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Tuesday, June 12, 2007

Writing Guidelines

Profesor Name: Yolanda Gayol

Student Name:_____________________________   
Reviewer Name: ___________________________

Date: _________________

Project: Rubric for writing




Ideas I used brainstorming and a concept map or outline to create and organize my ideas.
  My report is clear and focused. I stay on topic.
  I can summarize my topic in just a few sentences.
  I understand my topic and could explain it to someone else easily.
  Details in my report give the reader important information.
  My ideas relate to one another.
  I have listened to suggestions from the teacher or peer writers.
  I have cited my sources correctly and included a References page.

Conventions My paragraphs have more than one sentence.
  Each of my paragraphs has one main idea.
  I have used correct grammar.
  I have used correct punctuation.
  I have checked my spelling.
  Sylistic effects enhance the report. They do not distract the reader.
  My handwriting is legible.
  My printout contains no typographical errors.

Fluency My sentences build logically upon the one(s) before.
  My sentences are different lengths.
  My sentences start in different ways.
  The meaning of each of my sentences is clear.
  My sentences flow easily from one to another.
  There are no run-on sentences.
  There are no incomplete sentences.
  I maintain one verb tense, especially in summaries.
  I express similar ideas using parallel construction.

Organization Ideas are organized in a meaningful way.
  The sequence of ideas is logical.
  My introduction is interesting and inviting.
  My ideas flow from one to another.
  I used helpful transitions between main points, (e.g., "First of all," or "Similarly").
  I have a satisfying conclusion.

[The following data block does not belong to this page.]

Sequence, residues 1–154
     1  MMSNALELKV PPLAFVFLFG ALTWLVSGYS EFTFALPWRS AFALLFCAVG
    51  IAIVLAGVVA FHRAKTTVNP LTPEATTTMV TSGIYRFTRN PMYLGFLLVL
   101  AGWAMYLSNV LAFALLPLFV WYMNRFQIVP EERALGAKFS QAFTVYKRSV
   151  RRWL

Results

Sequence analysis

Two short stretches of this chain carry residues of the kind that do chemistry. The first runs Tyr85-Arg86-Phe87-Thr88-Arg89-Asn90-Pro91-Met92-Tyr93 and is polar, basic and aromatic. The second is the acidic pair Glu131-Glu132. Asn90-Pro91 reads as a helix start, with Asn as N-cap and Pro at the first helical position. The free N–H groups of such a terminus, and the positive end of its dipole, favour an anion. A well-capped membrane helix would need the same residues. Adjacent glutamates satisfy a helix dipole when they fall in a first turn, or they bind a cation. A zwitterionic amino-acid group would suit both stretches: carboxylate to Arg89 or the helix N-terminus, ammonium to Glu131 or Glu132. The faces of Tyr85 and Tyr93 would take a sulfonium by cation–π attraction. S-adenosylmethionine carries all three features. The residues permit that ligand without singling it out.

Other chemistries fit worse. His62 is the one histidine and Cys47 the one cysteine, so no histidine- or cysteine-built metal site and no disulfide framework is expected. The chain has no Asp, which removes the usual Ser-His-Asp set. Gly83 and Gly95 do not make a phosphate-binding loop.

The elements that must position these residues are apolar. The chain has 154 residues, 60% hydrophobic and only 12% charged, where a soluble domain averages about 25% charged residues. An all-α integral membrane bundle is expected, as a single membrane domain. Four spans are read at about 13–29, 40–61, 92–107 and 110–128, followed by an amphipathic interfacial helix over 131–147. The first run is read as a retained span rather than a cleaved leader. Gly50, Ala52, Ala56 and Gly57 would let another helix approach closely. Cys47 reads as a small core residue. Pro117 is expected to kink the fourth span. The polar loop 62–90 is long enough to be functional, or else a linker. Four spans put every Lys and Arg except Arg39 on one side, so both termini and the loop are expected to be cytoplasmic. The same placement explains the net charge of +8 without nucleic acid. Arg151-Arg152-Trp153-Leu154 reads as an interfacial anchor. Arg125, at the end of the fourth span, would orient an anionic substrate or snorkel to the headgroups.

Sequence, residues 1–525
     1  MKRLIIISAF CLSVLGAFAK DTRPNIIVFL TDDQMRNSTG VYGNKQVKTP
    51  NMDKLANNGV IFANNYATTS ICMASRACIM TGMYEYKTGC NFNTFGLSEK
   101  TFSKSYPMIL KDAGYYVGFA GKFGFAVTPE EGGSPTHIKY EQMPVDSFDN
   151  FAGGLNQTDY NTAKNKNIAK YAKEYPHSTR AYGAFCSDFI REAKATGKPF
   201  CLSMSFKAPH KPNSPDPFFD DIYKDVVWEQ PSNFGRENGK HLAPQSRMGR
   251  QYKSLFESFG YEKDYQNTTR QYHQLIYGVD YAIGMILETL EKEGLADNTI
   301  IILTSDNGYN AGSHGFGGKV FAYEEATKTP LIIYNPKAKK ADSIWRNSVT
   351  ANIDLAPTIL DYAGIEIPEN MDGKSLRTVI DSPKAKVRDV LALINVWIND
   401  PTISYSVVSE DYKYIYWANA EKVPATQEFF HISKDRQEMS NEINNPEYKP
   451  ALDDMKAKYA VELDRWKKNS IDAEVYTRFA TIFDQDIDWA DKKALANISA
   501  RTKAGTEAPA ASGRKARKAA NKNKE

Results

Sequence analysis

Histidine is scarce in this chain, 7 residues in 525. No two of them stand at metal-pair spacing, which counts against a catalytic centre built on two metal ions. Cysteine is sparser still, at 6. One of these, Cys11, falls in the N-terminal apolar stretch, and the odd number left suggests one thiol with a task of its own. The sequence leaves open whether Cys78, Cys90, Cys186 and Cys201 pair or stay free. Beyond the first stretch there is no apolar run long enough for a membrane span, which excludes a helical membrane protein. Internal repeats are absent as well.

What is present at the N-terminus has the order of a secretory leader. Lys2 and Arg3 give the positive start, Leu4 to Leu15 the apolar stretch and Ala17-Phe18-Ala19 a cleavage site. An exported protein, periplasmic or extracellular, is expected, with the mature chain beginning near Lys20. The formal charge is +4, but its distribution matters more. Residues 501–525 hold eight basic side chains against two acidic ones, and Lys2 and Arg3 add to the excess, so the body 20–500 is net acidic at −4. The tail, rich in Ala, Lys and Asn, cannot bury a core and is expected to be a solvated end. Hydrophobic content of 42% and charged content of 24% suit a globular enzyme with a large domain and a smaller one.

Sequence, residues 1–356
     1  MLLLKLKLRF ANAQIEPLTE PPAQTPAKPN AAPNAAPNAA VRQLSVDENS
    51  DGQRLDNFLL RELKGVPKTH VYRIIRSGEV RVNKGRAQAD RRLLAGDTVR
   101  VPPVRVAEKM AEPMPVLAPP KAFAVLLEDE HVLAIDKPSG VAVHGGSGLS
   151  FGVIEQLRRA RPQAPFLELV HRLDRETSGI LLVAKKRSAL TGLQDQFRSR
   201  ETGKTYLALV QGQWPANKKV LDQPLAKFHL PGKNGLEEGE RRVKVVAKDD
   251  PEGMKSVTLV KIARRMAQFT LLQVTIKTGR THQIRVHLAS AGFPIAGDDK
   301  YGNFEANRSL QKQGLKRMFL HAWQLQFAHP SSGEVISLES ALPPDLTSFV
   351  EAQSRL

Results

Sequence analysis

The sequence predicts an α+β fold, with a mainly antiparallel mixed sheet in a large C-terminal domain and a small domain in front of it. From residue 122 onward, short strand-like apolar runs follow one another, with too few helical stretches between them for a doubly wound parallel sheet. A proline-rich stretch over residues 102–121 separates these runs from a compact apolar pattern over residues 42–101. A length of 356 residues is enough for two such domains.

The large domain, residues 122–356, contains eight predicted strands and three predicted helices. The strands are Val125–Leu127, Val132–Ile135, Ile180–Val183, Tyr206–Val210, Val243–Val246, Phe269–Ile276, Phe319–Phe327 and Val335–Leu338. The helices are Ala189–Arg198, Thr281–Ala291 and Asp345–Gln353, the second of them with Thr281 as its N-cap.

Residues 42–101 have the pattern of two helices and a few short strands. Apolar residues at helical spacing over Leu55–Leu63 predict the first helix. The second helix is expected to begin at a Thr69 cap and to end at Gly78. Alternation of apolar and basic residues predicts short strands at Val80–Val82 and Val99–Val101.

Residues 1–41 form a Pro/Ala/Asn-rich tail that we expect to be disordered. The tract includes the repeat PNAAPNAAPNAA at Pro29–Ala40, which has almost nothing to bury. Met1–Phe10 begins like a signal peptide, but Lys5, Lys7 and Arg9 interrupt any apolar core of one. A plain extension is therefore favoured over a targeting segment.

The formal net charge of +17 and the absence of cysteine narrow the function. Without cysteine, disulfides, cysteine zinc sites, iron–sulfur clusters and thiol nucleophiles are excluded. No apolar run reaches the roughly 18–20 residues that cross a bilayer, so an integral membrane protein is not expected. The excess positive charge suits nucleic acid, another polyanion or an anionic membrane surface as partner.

Punctuation Commas surround parenthetical expressions and appositives.
  Commas separate the items in a series.
  A comma precedes "and" or "but" when introducing an independent clause.
  A comma follows an introductory word or phrase.
  A semicolon connects two sentences.
  Closing quotation marks always follow commas or periods.
  A question mark follows closing quotation marks unless part of quoted material.
  Apostrophes are used correctly to show possession or to create contractions.
  A colon is used for emphasis or to introduce a list.
  A period, question mark, or exclamation mark ends every sentence.
  Long quotations are set off (e.g., indented on both sides, single spaced, and/or italic font) from the text that is not a quote.
  Foreign words not in common use are italicized or enclosed in quotes.
  Citations use the prescribed format including correct capitalization, punctuation, and italicization.

Word Choice My sentences begin in different ways.
  Every word seems just right.
  My words paint pictures in the reader's mind.
  I use my own words or enclose other's words in quotation marks.
  I use strong, active verbs.
  I use synonyms and different verbs to add variety.
  My pronouns match the nouns to which they refer.
  I omitted needless words from the first draft.

Source: Project Based Learning

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